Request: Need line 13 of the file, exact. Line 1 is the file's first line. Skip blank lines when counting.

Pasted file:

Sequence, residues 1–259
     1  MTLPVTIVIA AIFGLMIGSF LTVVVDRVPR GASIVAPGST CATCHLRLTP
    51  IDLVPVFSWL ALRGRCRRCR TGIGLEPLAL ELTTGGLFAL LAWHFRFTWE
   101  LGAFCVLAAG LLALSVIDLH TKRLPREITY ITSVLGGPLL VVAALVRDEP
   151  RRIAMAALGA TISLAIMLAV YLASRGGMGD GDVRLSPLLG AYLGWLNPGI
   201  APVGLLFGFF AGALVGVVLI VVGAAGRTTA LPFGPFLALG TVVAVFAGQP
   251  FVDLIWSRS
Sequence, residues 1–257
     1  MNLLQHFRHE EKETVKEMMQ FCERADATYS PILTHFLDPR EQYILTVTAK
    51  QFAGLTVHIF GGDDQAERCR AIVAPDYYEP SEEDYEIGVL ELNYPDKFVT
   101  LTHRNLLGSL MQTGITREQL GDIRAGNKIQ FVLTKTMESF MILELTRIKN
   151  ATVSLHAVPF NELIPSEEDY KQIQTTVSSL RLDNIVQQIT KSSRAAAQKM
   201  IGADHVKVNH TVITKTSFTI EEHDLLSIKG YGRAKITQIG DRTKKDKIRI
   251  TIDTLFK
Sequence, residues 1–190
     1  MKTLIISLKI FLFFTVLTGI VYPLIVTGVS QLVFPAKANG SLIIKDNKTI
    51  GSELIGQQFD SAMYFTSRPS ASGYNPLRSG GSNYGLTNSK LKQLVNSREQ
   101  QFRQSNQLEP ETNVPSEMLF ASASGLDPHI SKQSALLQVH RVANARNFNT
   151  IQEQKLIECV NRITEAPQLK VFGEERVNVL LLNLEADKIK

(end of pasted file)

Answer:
   201  IGADHVKVNH TVITKTSFTI EEHDLLSIKG YGRAKITQIG DRTKKDKIRI